Floyd Mayweather snatched the scepter from King Oscar six years ago, and he's never let it go. He's been the biggest pay-per-view attraction in the world, even with hiccups (so to speak) like a "retirement" between Hatton and Marquez, and a short jail stint after beating Cotto last year.
But he's never quite come close to equaling the sort of business he did with De La Hoya, and it was Oscar as the A-side in that fight. Mayweather's "24/7" performance was certainly a factor in getting people interested, as was his standing as the best fighter in the world at the time. But Oscar was still the star, and Floyd used that opportunity to make Money Mayweather a household name.
As the main man, with a formidable drawing card in the opposite corner, on an advantageous date, with an unprecedented hype machine behind the fight, can Mayweather-Canelo break the records? The gate number has already fallen. This fight will draw more live gate revenue than De La Hoya-Mayweather did. The pay-per-view revenue figure may also fall, as this fight will be priced at $75 in high definition, $65 in standard definition.
Will the total buys break the record? There is an outside shot. You have to remember that two million for De La Hoya-Mayweather wasn't exactly expected, either, let alone the 2.4 million they produced. Is Mayweather a more relevant sporting figure in 2013 than Oscar was in 2007? That's possible. Can Canelo in 2013 match the business-unproven Mayweather from 2007? That may be more of a stretch, because it's unlikely Alvarez raises the sort of media hell that Floyd did building up to that fight. He hasn't done it thus far. On the other hand, I don't recall Mayweather selling almost 40,000 tickets for his pre-Oscar fight against Carlos Baldomir.
There is no question that this is going to be the biggest fight of 2013, only a question of just how big that will be. In some ways, what this fight does in terms of pay-per-view numbers will reflect how healthy the sport of boxing is right now. Without any bias as a boxing fan, my personal belief is that 2013 has been a pretty excellent year for the sport. The network/promoter split has proven to be beneficial for fight fans, as we're getting significant matchups and good fights pretty much every month. The fact that this card will have a featured undercard bout between red-hot talents Danny Garcia and Lucas Matthysse is remarkable -- it's the best pay-per-view undercard matchup in recent memory, and by far at that. It speaks well of what Showtime and Golden Boy are doing right now.
We are barely over one month out from fight night. The anticipation will soon reach a fever pitch. Training camp whispers should start to flow. Showtime's hype will go into overdrive. Passionate backers will spur on their chosen one with a vitality that, again, we just don't see all that often anymore.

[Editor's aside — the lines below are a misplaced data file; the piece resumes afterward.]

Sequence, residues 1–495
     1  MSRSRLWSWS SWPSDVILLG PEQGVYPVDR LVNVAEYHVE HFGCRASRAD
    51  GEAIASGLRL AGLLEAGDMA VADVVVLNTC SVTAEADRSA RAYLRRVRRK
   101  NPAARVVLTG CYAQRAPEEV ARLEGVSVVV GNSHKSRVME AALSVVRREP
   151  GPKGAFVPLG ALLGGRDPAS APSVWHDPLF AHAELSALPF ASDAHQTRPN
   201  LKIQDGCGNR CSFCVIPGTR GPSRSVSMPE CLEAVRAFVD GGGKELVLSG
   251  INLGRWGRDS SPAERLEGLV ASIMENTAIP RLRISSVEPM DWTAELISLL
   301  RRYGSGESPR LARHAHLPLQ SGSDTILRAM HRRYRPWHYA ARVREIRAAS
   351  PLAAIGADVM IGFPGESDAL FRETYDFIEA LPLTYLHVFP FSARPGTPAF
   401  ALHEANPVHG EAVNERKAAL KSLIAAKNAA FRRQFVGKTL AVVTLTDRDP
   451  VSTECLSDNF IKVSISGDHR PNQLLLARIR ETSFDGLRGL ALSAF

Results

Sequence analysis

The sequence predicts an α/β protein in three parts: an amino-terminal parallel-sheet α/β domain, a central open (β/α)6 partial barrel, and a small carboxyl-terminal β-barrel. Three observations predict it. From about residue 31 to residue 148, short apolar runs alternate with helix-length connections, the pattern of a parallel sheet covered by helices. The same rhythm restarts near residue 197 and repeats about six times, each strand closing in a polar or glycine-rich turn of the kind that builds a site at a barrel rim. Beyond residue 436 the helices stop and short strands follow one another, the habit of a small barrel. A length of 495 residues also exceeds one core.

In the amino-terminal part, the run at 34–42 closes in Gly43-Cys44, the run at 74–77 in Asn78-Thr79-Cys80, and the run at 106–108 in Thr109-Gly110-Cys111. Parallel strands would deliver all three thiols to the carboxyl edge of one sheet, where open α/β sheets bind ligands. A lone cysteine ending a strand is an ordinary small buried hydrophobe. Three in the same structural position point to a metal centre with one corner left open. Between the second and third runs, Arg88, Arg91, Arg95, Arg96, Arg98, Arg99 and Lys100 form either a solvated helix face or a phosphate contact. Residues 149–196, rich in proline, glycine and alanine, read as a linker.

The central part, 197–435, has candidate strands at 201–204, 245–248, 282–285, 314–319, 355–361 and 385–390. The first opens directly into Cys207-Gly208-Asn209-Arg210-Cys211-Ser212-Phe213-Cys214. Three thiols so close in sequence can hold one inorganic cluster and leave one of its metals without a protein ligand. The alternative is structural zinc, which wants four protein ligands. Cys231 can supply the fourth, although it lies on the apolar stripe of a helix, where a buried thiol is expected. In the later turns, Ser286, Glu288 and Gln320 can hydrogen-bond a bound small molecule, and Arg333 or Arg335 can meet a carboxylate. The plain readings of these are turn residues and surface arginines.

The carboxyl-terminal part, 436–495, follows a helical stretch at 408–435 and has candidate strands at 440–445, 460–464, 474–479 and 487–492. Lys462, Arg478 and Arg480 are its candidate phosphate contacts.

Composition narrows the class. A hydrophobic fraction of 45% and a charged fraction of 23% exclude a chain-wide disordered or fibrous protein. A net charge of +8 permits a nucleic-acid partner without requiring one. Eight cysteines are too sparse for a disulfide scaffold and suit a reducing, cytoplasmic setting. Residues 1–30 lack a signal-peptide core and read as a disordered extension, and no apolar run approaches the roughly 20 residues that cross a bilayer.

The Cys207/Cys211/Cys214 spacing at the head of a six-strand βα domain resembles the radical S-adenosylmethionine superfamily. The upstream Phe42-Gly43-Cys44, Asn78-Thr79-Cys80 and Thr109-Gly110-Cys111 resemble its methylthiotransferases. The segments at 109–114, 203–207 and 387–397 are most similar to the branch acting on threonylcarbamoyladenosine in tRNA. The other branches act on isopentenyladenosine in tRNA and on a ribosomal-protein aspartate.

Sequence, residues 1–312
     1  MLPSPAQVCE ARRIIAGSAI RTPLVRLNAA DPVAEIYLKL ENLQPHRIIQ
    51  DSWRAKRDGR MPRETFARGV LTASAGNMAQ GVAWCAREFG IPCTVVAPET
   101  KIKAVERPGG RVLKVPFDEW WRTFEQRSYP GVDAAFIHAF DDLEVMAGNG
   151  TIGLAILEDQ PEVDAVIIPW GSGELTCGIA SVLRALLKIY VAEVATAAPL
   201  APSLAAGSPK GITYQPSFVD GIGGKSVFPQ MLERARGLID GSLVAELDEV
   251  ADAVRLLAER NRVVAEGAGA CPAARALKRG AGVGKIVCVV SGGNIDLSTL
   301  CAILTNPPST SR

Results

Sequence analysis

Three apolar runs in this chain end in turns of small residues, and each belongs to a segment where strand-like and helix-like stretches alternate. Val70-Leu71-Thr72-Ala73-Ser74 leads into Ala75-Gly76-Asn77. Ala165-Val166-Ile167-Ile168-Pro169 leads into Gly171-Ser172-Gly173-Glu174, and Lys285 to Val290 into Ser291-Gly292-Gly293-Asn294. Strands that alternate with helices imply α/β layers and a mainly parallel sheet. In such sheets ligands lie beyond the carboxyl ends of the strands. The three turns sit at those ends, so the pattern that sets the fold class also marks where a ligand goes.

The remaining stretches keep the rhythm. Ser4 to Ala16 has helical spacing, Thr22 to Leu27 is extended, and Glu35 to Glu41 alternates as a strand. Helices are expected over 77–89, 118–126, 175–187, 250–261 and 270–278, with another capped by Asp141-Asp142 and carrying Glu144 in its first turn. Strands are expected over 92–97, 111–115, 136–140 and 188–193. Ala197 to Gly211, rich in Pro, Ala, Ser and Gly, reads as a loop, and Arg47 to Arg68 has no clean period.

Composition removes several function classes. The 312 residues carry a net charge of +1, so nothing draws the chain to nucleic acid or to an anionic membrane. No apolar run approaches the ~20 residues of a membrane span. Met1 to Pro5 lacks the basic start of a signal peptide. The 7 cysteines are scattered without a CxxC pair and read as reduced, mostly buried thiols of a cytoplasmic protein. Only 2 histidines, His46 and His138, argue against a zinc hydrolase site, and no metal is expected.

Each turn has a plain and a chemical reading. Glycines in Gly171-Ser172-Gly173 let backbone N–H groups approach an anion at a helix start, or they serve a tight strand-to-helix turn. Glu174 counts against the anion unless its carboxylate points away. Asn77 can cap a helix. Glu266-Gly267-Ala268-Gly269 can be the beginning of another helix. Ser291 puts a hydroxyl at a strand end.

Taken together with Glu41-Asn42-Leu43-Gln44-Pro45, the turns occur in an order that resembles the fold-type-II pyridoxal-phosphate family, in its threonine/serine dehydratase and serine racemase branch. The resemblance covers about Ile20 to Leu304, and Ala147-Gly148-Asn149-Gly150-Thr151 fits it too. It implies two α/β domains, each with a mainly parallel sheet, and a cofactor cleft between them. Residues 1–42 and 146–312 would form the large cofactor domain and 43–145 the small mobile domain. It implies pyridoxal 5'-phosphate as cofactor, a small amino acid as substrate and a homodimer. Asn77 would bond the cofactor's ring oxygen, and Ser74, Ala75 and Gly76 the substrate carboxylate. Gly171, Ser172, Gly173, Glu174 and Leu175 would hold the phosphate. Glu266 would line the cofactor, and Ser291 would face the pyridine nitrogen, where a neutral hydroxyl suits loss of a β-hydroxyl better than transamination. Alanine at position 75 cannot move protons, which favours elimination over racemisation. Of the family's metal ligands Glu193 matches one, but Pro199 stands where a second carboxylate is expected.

This fight and this event are very special, and there is just no reason to play the curmudgeon. The sport's fastest-rising star and its long-cemented main man, and still the world's best boxer, are going to collide on September 14. This is a worldwide major event. Boxing doesn't get many of these, and we could be into the 2020s before we see another event of this magnitude. In the words of the great Gorilla Monsoon, it's a happening, and they'll be hanging from the rafters.
If Mayweather vs Canelo is as successful as it could be, we are looking at a truly historic event, and this time, maybe not just a one-off sort of thing. This fight is a longtime boxing network reaching a new peak in its modern form, with the biggest possible fight in the sport coming not from HBO, but from its lone true rival. The sides have been chosen, and a long, determined process from Showtime, CBS Sports, Golden Boy Promotions, and many others who have played a part in leading us to this event. In an ever-changing (if often slow-evolving) business, the tide can turn very quickly. Is Showtime on the precipice of overtaking HBO as the premier boxing outlet in the United States? Will Mayweather-Canelo be the true dawning of a new age in American boxing?
In one month, we find out just how big this fight truly is, when the bluster and the hype and the picks and previews are out of the way, the bell rings, and somewhere between one and 12 rounds later, we find out if there's a new king, or if the Mayweather reign will continue on after facing its most intriguing challenge to date -- a young, unbeaten, fresh fighter with the future of the sport at least partially on his shoulders at the moment. That wasn't Berto, and this ain't Guerrero.
One month. Settle in, because it's all just getting started.
(Photos by Esther Lin/SHOWTIME)